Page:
Unlike yoga pants, white trainers, and fake fur, the food that we eat might be considered more classic than trendy. The fact is, we all need to eat. Basic and vital as it seems, though, food, like fashion, is not without its fads.
In 2015, there is a high-pitched buzz about food. Heat and spice will be hot in the coming year. A trend that has been growing steadily for some time now is predicted to explode in 2015. Ethnic cuisines from all over the world, with a focus on new and exotic flavors, will take the stage.
Is it because we are just bored and want something else for dinner? Or is it because we now work and live with people from all over the world and, like people do, we share our food and, in the process, discover something new that tastes delicious? It’s probably all those things and something more. The health of our nation is a growing concern. In our desire to eat for wellness, we’ve discovered many elements of global cuisines that possess health benefits we need while keeping our diets interesting and tasty.
Also on the rise are recipes highlighting umami vegetables, which are foods that exhibit the “fifth taste” that give food a pleasant desirable characteristic that our taste buds are naturally attracted to, such as sweet potatoes, mushrooms and nori. This year, try using a Japanese Seven Spice mixture in your recipes, or a flavorful Middle Eastern Shawarma Spice Blend.
My recipe for Chicken Shwarma converts what has been a restaurant recipe into a dish that can be prepared at home. The Shwarma spice blend is a cure for taste buds that are tired of the same old chicken dish. It’s an adventurous way to kick off a New Year.
SHAWARMA SPICE MIX
Makes approximately ¼ cup
Toasting the spices in a dry pan for 1 minute before using them
in a recipe enhances the flavors.
1 tablespoon cumin
1 tablespoon ground coriander
1 1/2 teaspoons salt
½ teaspoon ground oregano or thyme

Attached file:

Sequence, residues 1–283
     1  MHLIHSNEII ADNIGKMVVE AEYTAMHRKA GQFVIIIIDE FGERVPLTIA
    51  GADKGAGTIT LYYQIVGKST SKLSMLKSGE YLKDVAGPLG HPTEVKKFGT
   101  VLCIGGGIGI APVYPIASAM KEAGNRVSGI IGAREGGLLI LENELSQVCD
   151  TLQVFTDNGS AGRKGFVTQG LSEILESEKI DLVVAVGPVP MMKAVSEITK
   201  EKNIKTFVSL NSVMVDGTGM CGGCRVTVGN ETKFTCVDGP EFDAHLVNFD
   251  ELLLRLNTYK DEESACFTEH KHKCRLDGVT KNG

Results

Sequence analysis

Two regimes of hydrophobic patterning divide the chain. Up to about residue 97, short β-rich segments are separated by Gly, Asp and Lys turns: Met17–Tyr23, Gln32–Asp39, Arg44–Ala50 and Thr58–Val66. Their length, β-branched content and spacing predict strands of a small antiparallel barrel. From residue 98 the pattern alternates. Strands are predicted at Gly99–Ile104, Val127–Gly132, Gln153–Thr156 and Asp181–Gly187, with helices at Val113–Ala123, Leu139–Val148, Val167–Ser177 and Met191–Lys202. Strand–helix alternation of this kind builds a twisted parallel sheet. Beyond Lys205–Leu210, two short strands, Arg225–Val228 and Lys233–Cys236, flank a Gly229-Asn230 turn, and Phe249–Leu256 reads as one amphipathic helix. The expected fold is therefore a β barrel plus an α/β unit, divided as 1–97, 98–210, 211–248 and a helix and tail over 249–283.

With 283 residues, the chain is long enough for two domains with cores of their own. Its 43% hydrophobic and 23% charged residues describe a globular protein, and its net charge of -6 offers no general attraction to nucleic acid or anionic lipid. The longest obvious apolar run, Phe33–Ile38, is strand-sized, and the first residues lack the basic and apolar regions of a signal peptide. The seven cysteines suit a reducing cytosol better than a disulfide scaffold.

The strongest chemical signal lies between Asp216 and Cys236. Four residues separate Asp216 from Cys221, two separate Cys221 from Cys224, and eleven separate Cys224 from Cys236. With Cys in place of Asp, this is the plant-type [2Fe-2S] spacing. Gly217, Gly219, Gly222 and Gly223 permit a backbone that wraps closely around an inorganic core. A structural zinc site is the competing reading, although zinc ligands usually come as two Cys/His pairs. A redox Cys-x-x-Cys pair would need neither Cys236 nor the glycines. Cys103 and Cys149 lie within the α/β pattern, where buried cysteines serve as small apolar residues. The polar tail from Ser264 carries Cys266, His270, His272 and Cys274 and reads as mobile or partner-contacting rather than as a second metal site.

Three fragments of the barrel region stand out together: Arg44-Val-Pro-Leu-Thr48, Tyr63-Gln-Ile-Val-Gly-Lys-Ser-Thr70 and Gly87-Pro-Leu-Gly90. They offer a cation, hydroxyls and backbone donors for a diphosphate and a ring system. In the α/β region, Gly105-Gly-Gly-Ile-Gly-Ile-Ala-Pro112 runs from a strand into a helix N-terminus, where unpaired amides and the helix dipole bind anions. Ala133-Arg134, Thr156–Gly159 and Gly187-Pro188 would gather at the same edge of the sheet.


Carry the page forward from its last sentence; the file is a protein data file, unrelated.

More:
1 teaspoon paprika
1 teaspoon turmeric
½ teaspoon ginger
¼ teaspoon cayenne pepper
1/8 teaspoon nutmeg
Mix ingredients together. This spice mix will keep in an air-tight container for
about 4 weeks.
Makes 4 servings
1 ½ lbs thinly cut skinless, boneless chicken breast
1 lb thinly cut skinless, boneless chicken thighs
½ cup lemon juice
2 tablespoons tomato sauce
4 tablespoons plain, Greek yogurt
3 tablespoons white vinegar
1 head of garlic, crushed
2 tablespoons olive oil
1 1/2 tablespoons Shawarma Spice Mix
3 Roma tomatoes, sliced into thick rounds
4 pita bread rounds
Rinse the chicken pieces with cold water then cut horizontally into thinner cuts of about ½ inch (each piece could possibly be split into 2 slices depending on thickness). Place the chicken pieces in large bowl.
Mix the lemon juice, tomato sauce, yogurt, vinegar, garlic, oil, salt, cumin, coriander, salt, oregano or thyme, paprika, turmeric, ginger, cayenne pepper, and the nutmeg in a blender. Add the spice mixture to the chicken and mix well. Cover and let marinade in the fridge for at least 4 hours or overnight.
When ready, grill the marinated chicken and some sliced tomatoes using a grill pan on the stovetop. Heat the grill pan and add 2 tablespoons of oil. Or alternately, grill using a Panini grill, or a George Forman grill for about 15 minutes on medium heat. You can also cook the chicken on a BBQ grill. Baking or broiling in the oven dry out the chicken.
Once cooked, allow the chicken to cool and then shred the chicken as thinly as possible. Traditionally, the pita bread is spread with Lebanese Garlic paste or you can use a good quality mayonnaise mixed with 1/2 teaspoon of garlic powder and ½ teaspoon of lemon juice.
Spread the chicken shreds along the diameter of a piece of pita bread. Some restaurants place French fries inside of the sandwich. Others add a cabbage and mayo salad, along with salty Middle Eastern cucumber pickles. You can substitute shredded coleslaw, and sliced, dill pickles, if desired, and grilled tomatoes or fresh tomatoes.